What is a tax refund offset?
TROP was enacted by Congress to aid in the collection of delinquent child support by “offsetting” a tax refund that is due to the obligor and sending it to the custodial parent instead. Each state is responsible for notifying the IRS of any support-obligated parent with an arrears balance, which essentially places a “lien” on all or part of the non-custodial parent’s tax refund. The offset takes between 3 and 5 weeks to process because the refund must be sent from the IRS to the state collection and disbursement unit, and then applied to the balance owed.
Is my case eligible for TROP?
Most parents who are owed back support payments are eligible for TROP, but some extenuating circumstances may apply. Most states require the arrears balance to be a minimum of $500 (or at least four payments behind) in order to be eligible for an offset.
Keep in mind, however, that this is one of many potential offsets that could affect a non-custodial parent’s tax refund. Their refund could also be seized by the Federal Student Loan program or a state welfare program, both of which may take precedence over child support debt. In other words, a defaulted student loan may need to be paid first, before the refund can be applied towards child support.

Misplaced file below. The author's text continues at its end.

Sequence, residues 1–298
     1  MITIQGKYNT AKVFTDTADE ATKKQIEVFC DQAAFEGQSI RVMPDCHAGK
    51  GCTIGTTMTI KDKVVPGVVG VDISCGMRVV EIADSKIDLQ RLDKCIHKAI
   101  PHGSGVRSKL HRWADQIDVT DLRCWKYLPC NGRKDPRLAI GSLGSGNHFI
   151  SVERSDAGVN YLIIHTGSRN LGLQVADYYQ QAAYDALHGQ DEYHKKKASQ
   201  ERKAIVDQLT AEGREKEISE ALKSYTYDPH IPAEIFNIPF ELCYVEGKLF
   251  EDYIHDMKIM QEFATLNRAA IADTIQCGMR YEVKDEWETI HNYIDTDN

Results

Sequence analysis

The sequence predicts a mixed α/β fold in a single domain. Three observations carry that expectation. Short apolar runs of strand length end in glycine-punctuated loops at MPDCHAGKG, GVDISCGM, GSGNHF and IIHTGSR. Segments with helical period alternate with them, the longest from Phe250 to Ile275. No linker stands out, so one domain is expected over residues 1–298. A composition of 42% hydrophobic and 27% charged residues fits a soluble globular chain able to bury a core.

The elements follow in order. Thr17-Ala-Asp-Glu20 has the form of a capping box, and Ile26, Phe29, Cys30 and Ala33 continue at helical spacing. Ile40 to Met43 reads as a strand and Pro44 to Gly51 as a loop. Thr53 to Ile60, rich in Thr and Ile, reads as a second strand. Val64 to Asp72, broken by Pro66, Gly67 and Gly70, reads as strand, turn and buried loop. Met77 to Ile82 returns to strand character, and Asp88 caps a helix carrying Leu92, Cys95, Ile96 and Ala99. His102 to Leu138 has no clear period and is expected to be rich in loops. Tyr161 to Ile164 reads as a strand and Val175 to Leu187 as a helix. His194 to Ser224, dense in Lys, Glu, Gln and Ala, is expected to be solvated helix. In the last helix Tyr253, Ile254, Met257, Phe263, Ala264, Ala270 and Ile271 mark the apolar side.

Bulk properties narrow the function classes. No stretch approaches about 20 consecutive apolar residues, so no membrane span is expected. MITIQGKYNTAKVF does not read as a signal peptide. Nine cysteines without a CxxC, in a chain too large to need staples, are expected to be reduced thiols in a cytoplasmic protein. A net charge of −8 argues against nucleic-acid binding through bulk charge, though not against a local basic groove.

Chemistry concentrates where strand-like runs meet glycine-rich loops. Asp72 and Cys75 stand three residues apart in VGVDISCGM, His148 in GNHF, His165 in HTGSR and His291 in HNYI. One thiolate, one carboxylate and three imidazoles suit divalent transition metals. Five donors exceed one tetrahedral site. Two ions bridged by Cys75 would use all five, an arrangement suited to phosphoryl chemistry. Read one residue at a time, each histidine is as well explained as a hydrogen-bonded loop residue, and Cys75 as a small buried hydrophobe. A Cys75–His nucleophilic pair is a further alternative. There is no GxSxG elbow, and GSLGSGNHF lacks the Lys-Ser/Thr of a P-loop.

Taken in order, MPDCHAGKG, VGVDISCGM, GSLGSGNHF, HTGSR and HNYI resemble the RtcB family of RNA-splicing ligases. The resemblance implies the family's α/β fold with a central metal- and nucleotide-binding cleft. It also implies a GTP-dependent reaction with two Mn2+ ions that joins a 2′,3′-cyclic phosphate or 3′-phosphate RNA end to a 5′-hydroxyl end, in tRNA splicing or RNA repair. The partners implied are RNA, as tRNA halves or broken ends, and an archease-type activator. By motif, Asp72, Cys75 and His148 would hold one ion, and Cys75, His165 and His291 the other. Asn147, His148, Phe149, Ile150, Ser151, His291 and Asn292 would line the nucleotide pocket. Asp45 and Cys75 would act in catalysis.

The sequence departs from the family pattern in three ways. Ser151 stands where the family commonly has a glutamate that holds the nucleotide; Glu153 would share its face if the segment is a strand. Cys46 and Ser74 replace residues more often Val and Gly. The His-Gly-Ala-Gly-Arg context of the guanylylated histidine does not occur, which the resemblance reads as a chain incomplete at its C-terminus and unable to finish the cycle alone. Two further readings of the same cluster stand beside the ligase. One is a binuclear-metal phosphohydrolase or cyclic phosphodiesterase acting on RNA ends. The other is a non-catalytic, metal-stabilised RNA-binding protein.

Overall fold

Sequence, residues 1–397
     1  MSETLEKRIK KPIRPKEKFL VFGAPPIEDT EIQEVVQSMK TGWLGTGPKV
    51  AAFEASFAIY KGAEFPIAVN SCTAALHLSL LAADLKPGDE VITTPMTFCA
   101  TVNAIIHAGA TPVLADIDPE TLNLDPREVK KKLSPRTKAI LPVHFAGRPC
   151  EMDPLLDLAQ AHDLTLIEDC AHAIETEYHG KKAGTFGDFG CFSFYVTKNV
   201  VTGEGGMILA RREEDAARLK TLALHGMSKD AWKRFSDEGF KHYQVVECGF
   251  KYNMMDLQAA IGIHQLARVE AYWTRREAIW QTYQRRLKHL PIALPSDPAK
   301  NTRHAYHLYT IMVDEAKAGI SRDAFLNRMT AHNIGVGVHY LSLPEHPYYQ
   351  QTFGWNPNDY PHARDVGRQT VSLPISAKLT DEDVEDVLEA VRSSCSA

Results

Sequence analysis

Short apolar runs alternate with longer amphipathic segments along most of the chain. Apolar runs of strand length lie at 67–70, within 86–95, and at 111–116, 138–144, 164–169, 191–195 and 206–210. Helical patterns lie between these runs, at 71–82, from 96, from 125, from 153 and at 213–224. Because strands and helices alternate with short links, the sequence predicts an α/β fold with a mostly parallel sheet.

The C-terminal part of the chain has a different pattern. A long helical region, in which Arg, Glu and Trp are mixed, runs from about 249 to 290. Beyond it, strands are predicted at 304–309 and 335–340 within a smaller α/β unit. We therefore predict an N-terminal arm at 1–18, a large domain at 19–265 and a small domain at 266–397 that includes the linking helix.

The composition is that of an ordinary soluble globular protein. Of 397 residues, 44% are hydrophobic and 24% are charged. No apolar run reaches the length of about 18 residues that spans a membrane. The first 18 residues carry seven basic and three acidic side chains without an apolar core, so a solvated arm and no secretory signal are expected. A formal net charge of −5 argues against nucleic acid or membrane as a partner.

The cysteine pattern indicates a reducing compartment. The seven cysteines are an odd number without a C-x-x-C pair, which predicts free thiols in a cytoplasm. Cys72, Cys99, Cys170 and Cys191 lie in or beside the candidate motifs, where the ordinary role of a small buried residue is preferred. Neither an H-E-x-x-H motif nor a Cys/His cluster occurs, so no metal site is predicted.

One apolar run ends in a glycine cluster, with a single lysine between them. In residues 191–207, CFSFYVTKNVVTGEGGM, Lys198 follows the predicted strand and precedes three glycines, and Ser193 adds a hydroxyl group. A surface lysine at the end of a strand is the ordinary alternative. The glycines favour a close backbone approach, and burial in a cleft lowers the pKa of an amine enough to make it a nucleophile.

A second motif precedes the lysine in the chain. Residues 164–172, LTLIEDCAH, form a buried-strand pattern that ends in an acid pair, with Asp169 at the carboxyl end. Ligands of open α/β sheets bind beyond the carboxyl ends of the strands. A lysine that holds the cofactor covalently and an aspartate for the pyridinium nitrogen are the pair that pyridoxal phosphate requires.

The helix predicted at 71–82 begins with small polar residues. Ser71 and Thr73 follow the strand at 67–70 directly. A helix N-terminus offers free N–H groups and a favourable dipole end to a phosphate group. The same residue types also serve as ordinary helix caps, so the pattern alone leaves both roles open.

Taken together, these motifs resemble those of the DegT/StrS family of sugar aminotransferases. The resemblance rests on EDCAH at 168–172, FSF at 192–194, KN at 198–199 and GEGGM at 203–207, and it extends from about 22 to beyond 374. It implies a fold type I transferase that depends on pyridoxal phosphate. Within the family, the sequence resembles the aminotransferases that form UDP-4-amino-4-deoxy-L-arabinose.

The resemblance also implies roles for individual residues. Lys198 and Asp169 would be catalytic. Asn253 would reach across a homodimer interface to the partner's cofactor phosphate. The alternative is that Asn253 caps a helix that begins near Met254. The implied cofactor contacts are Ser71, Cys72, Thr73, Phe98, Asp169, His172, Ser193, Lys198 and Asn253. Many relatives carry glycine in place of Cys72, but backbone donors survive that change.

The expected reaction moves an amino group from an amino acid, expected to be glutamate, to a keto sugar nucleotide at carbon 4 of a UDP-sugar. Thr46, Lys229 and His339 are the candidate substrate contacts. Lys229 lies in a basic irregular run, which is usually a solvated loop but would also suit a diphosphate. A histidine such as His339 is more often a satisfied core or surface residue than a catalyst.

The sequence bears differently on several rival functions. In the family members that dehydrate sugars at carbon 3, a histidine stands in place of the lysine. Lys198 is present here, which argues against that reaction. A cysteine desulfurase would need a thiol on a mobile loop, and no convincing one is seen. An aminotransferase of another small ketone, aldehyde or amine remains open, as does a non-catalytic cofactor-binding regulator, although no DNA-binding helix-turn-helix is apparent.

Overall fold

If your ex has remarried and has filed a joint tax return, then you will need to wait six months for your payment. This is because their spouse is not obligated to pay his or her share of the tax refund toward your support balance. During this six month period, federal law allows the “injured spouse” to get their portion of the refund returned to them. As a result, your payment will be held in limbo until the grace period expires. If the new spouse fails to file a claim for their portion of the refund during that time, they have forfeited their rights to the money and you will receive the full amount of the refund.
Find out more about TROP and how you can benefit from this federally sponsored collection program. A Colorado Springs child support lawyer will work closely with your local child support enforcement agency to ensure your arrears balance is collected.